A video that’s been released of relatable teen YouTuber Emma Chamberlain being followed by paparazzi has caused a stir on social media. Some insist the reporter was far too invasive, while others believe Emma was needlessly rude.
19-year-old Emma Chamberlain rose to success through her quirky personality and relatable YouTube videos. She’s amassed a subscriber base of over 9 million, and has asserted herself as a staple creator on the site.
However, while she has a huge base of adoring fans, she hasn’t been exempt from controversy. Just this year she came under fire for launching an apparently overpriced coffee company that saw prices up to $60.
Emma is followed
Opinions have been mixed once again, with people unsure how to react when a video emerged of a paparazzo quizzing her about her personal life, following her to her car while asking the star questions.
In the clip, the man can be heard asking: “When will we see the Sister Squad back together?” to which she replied: “Have a good one,” and shut her car door.
Emma Chamberlain fans are not happy with a paparazzi video where paparazzi follows Emma to her car and then a gas station. Most fans think paparazzi was harassing Emma, a few think she was rude—reactions in thread. What are your thoughts? pic.twitter.com/QjEgpFDtRM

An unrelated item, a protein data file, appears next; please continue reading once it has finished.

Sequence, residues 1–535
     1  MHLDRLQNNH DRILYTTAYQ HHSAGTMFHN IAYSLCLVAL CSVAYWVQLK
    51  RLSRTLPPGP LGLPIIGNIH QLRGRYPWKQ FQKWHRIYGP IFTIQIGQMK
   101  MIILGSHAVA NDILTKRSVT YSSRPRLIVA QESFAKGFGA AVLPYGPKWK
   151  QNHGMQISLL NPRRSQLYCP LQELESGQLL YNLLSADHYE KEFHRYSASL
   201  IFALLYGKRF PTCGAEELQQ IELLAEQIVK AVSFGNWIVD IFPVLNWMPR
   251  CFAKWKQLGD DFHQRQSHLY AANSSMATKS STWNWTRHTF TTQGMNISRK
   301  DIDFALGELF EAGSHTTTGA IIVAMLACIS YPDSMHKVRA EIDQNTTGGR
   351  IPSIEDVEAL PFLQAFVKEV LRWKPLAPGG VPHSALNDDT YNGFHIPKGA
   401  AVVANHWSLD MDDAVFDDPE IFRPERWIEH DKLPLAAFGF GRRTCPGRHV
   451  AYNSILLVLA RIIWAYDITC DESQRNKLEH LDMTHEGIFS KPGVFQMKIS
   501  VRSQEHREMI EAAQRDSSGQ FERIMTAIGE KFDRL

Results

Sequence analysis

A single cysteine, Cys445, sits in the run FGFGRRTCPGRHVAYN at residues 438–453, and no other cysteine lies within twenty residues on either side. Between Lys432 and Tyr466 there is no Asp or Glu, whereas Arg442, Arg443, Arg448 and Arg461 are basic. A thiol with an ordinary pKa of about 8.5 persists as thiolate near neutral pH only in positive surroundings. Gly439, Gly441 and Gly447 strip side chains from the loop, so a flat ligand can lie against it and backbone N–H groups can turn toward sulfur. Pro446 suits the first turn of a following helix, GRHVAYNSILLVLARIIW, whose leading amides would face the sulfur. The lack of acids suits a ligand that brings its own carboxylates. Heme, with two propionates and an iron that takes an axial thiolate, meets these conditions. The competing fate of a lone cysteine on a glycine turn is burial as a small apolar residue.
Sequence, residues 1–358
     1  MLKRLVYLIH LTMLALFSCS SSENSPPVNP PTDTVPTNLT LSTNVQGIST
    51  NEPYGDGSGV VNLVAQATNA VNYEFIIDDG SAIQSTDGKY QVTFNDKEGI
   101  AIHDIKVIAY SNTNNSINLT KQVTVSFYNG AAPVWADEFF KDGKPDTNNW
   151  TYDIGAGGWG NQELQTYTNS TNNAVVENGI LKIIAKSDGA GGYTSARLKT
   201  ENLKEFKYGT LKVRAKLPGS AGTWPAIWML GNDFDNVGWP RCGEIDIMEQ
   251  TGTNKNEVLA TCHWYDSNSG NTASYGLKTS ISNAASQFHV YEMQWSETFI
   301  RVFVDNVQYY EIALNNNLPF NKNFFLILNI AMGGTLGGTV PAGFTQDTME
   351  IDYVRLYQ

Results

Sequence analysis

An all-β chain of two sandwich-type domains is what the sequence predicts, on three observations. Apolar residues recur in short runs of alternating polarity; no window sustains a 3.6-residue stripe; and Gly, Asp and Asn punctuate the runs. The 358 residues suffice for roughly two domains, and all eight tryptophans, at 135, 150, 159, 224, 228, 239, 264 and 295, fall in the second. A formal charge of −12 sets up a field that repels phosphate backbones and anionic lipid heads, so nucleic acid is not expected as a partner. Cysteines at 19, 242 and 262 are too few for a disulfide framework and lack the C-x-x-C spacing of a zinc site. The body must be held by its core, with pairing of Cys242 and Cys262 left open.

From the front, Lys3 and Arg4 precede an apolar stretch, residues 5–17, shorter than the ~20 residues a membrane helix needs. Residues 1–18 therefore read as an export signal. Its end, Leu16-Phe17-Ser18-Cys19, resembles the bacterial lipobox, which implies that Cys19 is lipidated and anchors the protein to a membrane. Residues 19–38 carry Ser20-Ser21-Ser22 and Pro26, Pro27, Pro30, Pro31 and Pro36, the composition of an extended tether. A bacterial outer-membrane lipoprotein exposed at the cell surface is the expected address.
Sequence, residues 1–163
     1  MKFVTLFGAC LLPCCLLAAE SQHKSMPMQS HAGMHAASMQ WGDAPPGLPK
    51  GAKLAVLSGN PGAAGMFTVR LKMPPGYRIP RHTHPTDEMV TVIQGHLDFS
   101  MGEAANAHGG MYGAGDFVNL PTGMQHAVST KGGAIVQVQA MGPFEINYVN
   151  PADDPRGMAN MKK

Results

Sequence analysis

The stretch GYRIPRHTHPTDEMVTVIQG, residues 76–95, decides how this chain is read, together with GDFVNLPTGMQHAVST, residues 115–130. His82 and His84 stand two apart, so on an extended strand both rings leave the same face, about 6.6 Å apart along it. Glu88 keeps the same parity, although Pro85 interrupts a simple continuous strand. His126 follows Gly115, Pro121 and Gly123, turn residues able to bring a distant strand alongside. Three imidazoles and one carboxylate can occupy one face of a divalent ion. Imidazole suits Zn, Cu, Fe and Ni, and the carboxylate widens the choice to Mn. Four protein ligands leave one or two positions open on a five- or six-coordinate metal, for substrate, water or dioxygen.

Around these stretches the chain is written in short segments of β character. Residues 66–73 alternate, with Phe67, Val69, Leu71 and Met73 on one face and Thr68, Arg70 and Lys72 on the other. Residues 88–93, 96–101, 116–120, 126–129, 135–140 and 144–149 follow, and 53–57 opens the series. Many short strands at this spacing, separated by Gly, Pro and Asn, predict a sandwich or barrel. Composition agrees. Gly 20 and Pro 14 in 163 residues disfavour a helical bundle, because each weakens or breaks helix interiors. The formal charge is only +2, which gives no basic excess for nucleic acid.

— Def Noodles (@defnoodles) August 6, 2020
The Sister Squad is comprised of Emma, James Charles, and the Dolan twins. They produced a lot of content together on the site, but following James Charles’ scandal of 2019 they cut ties.
The reporter proceeded to follow her to the gas station, where he informs her that fans are shipping her with TikTok star Noah Beck. He questioned her over her relationship status, with Chamberlain uncomfortably replying: “I’m out of here, though.”
As Def Noodles noted on Twitter, the original video displayed Emma's number plate which raises concerns about doxxing and personal safety.
How did social media respond?
Viewers have had a mixed response to the exchange. Some sided with the paparazzi, suggesting that because she “spends all her time trying to get people to watch her,” she shouldn’t complain when the press shows an interest in her life.
I think if you want to make a living by being famous, you have to expect the paparazzi to be interested. She spends all of her time trying to get people to watch her, follow her, like her and then doesn’t like it when the press approaches. I don’t get it.
— Angela Cato (@AngelaCato) August 7, 2020
Others have questioned the ethics of a grown man following a teenage girl to a gas station. “I get it’s their job, but as a girl at a gas station I’m on HIGH alert and not myself,” one person said.
I get it’s their job but as a girl at a gas station I’m on HIGH alert and not myself.
— Spill Sesh (@spillseshYT) August 6, 2020
They’ve suggested that the man was “crossing boundaries” and implores others to “let people have their own space.”
The moral issues regarding paparazzi have long been debated. But as an inevitable side effect of influencer culture, the jury is out on who’s in the wrong.